WDAZ: Your Home Team

Published September 12, 2011, 10:38 PM

South GF Homeowners Unhappy With New Proposed Apartment Building

GRAND FORKS (WDAZ-TV) - Homeowners in the south part of Grand Forks are not feeling too neighborly toward a proposed apartment building.

GRAND FORKS (WDAZ-TV) - Homeowners in the south part of Grand Forks are not feeling too neighborly toward a proposed apartment building.

Monday night at the Grand Forks city council finance meeting, some people say they didn't even know about it until recently.

As Grand Forks continues to develop to the south, not everyone is a fan of some ideas of how it should be developed.

Some homeowners say the proposed apartment building is not what they were promised and adding that to the residential area could bring problems with a population increase and small streets.

There is always a good reason to love your neighborhood.

"It's a quiet street and that's what we wanted," homeowner Shawn Norton said.

Norton and his neighbors live near 48th Street S. and they told the Grand Forks finance committee what they don't want: a 44-unit apartment building and garages right across the street.

"They said what was going to be built was town homes. Who is going to want to buy this house when an apartment building is 15 feet away? The value of my house dropped 15 percent," Norton said.

Enclave Development wants to build on this 300 acres in the 5000 Curran area. The land is owned by Crary Prudential.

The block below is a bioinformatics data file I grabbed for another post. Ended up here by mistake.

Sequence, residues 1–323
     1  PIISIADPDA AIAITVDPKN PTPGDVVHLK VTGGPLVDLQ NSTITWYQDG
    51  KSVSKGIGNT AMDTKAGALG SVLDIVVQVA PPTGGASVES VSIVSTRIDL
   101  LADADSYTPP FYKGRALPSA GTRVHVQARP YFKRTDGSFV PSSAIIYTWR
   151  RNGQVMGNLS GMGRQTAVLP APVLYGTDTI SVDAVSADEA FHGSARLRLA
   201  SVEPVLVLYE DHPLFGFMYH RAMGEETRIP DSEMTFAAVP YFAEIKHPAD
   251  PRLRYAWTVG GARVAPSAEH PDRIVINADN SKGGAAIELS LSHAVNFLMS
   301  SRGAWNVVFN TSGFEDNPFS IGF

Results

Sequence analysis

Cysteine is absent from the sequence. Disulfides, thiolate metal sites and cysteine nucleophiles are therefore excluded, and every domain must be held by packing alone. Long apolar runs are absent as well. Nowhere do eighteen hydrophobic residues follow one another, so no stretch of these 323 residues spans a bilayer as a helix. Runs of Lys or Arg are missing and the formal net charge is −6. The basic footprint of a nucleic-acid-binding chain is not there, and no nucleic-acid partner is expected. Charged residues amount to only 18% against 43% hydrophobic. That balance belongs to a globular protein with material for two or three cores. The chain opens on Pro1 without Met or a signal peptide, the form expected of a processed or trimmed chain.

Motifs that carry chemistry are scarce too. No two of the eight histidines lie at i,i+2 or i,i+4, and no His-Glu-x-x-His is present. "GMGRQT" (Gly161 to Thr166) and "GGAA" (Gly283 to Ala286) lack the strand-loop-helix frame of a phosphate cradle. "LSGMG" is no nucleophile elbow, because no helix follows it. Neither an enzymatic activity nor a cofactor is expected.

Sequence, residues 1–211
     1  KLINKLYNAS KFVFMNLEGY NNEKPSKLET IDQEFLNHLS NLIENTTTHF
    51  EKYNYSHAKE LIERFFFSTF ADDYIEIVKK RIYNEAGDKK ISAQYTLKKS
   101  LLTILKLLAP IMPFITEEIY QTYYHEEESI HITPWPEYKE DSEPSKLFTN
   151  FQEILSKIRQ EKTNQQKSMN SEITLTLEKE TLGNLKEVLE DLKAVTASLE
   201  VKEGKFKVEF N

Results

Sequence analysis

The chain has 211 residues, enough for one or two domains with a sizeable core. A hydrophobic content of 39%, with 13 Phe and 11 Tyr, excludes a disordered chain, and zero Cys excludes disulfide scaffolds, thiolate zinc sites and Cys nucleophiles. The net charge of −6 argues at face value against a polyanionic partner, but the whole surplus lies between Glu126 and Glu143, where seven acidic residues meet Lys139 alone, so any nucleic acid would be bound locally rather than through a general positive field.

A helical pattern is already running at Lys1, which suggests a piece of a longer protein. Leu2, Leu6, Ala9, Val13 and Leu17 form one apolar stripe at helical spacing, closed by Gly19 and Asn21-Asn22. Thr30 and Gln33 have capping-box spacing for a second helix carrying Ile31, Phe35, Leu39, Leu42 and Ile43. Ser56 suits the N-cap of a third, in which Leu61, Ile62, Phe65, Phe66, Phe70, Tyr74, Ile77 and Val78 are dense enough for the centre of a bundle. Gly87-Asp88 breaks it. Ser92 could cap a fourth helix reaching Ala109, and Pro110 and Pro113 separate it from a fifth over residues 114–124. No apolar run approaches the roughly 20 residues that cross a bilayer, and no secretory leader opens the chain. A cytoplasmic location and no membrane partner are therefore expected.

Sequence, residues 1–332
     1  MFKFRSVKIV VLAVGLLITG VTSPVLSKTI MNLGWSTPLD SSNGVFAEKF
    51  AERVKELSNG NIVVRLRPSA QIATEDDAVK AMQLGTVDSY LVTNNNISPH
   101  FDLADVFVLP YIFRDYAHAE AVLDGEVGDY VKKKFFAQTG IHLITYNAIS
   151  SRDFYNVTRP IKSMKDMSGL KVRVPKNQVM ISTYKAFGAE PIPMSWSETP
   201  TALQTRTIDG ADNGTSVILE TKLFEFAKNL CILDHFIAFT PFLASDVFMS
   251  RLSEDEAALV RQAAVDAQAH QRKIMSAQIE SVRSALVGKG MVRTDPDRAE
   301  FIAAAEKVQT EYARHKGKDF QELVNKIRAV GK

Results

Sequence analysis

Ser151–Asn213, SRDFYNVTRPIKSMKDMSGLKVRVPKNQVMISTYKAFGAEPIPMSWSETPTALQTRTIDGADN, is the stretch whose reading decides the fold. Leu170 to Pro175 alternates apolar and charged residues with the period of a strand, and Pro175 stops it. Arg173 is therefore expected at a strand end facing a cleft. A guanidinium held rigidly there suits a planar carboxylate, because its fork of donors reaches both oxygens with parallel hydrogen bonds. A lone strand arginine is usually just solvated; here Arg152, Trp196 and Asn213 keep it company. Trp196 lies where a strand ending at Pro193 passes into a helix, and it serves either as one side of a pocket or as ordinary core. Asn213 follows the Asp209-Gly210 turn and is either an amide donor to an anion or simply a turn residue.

One homeowner says building apartments will increase the number of people by 55 percent. With small roads, that's a lot of car congestion, especially when there are piles of snow.

"Last winter, an ambulance couldn't get down the street," homeowner Rick Mapel said.

Mapel says one of the biggest concerns was some homeowners did not know about the development when they bought their homes.

"This was not something that was talked about to us. There were no signs there. Back in '09 we were promised there would be signs indicating building. To date, that has not occurred yet," Mapel said.

A similar situation happened back in 2009. The city council will look at an ordinance about making construction signage more visible to homeowners. But, one council member says homeowners need to be more proactive.

"What we need to do as homeowners is do digging and checking," council president Hal Gershman said.

Some homeowners met with a representative from Enclave Monday night to discuss this development and that rep says the company thinks this is a quality project in an area zoned for families, and are willing to work with them.